The eighth inning and the epitome of the Dodgers
By Cary Osborne
The October sky had fallen into a million pieces and landed on the field at Dodger Stadium again. A 5-2 Dodger lead heading into the seventh inning of Game 4 of the National League Division Series left the frame in a 5-5 tie. And either someone was going to sweep away those pieces, or pick them back up. Maybe you’ve seen these Dodgers before.
“If anyone gives up on this team,” Dave Roberts said after the game, “they haven’t seen us play a whole lot this year.”
In the bottom of the eighth inning, one of the game’s top relief pitchers in 2016, Washington’s Blake Treinen, got the first two outs.
Andre Ethier pulled the coldest bat out of the rack and delivered a pinch-hit single to left field. The single pushed Andrew Toles, who was hit by a pitch in the front foot in the previous at-bat, to second base.
On deck, Chase Utley pulled the weight off his bat and sprayed the handle of it with liquid grip. He walked to the batter’s box. He kicked the dirt on the left side to and fro. He took a practice half swing and then tapped his foot with his bat. He leaned back, then placed his left hand on the barrel of the bat. Then he clutched the handle with both hands.
Treinen delivered a 97 mph sinker that Utley waved at and missed.
Utley reclined again, then took another practice swing. Utley let a slider go by for ball one.
He adjusted his helmet, took another practice half swing. Treinen threw another slider. Again, Utley waved and missed. He was now in danger of his third strikeout of the game.
“For the most part, you’re in that situation a lot over the course of a season,” Utley said of the spot. “You obviously try and keep it simple and try and put a good at-bat together. Sometimes it works out, sometimes it doesn’t.”
Utley kicked the dirt again. He stepped out of the box and took two swings. He stepped back in, leaned back again, started with his left hand on the barrel then connected it with the right hand on the handle.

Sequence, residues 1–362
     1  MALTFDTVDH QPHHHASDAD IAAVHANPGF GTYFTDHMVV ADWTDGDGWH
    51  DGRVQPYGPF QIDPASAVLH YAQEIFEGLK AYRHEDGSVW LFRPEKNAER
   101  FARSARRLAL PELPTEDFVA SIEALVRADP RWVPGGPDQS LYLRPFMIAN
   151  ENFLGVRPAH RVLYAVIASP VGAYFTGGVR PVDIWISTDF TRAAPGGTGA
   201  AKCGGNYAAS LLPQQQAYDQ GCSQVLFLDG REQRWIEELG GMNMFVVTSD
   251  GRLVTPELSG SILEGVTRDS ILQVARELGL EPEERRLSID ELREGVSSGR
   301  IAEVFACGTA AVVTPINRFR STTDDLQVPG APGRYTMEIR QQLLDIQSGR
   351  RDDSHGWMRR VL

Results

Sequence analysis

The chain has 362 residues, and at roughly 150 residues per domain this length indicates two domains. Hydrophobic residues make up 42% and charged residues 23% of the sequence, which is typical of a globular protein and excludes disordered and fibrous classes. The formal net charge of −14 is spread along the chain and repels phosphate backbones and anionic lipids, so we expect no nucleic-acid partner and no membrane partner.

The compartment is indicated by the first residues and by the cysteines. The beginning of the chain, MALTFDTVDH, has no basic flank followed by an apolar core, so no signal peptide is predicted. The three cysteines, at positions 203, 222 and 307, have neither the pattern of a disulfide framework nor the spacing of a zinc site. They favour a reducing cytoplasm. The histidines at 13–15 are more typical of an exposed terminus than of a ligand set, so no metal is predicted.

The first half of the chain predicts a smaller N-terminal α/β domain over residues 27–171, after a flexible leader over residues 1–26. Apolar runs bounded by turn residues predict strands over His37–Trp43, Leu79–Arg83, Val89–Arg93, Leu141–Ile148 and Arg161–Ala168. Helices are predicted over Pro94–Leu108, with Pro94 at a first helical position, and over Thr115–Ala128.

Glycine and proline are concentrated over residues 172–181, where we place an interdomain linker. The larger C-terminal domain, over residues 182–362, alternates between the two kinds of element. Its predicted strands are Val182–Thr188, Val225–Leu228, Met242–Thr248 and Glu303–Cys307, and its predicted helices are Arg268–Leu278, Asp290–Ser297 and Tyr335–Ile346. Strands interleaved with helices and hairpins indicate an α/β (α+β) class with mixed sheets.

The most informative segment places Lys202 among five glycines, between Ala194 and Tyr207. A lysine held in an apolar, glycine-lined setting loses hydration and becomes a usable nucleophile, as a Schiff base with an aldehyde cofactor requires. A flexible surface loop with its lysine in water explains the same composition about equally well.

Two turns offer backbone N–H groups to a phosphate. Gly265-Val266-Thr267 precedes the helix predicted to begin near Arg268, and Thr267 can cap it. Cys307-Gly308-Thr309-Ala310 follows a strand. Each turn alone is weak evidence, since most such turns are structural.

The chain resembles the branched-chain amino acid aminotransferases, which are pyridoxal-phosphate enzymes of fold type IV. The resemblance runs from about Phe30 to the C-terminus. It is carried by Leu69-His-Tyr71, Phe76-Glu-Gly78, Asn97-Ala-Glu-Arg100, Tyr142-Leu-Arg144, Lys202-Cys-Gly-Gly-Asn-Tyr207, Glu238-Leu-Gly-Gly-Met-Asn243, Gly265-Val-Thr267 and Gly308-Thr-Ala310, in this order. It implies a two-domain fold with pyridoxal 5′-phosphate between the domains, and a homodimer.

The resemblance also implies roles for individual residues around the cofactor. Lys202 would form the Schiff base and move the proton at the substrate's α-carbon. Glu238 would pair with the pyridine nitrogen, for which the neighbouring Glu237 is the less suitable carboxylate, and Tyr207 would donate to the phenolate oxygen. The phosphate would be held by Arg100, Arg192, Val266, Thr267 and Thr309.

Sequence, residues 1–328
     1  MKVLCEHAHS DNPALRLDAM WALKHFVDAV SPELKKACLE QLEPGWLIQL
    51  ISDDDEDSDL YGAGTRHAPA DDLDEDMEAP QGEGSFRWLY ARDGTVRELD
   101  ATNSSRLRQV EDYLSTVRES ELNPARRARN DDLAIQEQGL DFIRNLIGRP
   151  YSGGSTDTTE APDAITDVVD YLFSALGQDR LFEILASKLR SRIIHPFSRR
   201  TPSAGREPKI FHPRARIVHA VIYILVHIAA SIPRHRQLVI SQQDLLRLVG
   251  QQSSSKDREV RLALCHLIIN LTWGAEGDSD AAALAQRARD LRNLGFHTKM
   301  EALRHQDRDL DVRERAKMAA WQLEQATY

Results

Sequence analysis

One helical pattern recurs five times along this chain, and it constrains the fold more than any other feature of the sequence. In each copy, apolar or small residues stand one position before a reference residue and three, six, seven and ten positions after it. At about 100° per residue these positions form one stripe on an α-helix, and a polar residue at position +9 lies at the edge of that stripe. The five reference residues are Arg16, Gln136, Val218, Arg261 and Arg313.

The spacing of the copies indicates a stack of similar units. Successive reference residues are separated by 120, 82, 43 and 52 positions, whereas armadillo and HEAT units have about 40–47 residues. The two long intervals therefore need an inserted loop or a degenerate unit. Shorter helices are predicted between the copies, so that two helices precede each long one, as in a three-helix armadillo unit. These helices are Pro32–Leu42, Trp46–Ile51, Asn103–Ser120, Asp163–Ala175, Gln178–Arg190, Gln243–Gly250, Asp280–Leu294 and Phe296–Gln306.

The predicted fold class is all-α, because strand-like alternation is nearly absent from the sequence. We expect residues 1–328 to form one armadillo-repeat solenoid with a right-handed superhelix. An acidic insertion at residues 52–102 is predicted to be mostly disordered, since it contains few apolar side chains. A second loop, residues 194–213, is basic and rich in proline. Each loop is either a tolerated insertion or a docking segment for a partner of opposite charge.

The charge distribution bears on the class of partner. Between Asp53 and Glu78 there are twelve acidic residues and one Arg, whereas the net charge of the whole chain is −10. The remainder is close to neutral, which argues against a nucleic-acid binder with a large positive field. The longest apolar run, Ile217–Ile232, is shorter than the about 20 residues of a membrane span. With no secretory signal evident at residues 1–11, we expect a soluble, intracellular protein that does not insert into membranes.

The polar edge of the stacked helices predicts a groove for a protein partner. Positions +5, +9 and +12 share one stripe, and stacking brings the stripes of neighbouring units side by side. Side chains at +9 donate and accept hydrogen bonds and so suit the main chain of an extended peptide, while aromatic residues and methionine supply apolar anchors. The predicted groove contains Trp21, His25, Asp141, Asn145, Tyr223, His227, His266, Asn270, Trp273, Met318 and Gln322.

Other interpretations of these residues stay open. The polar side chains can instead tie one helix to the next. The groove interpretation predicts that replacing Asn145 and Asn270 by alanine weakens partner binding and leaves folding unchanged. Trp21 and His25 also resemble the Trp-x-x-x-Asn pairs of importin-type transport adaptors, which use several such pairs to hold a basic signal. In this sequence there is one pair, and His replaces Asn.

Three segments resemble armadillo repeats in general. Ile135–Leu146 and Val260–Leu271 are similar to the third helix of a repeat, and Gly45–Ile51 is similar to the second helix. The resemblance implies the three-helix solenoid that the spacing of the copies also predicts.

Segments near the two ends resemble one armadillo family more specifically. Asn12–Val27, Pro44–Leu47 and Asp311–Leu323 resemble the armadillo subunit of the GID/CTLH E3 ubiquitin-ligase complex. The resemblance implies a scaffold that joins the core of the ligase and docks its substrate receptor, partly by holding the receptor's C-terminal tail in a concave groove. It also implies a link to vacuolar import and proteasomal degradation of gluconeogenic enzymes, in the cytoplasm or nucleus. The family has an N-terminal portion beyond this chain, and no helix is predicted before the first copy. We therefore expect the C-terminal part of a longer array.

Treinen again went slider and Utley thrust his hands forward, bat barrel connecting with ball and sending it to right field. Toles raced home on the single and gave the Dodgers the go-ahead run in their 6-5 win.
Utley, who rarely shows emotion, rounded first base and clapped. No smile.
“Chase has been doing it his whole career,” said Game 4 starter Clayton Kershaw. “He’s the most prepared guy out there, and there’s not really another guy on our team that you want up in that situation. Obviously Seag, J.T., Gonzo have all been there before and are really good hitters, but Chase kind of always seems to rise to the occasion.”
That string of at-bats — Toles, Ethier and Utley — Roberts said epitomized this ballclub. Grit personified.
Ethier gets special mention here. He was announced as a pinch hitter in the eighth inning and Game 2, but he never made it to the plate after the Nationals countered the Dodgers’ move by bringing in lefty Oliver Perez. That was his only action of the series until he stepped to the plate on Tuesday.
After Toles was hit by the pitch, the fans at Dodger Stadium rose at the sight of Ethier, believing in his magic. So did his teammates.
“We have the utmost confidence in Dre,” said Adrián González, who hit a two-run home run in the first inning. “I knew he was going to do something special and he did.”
Now it’s on to Washington where the team that repeatedly hasn’t given in will fight to extend its season. And yes, the sky is again blue.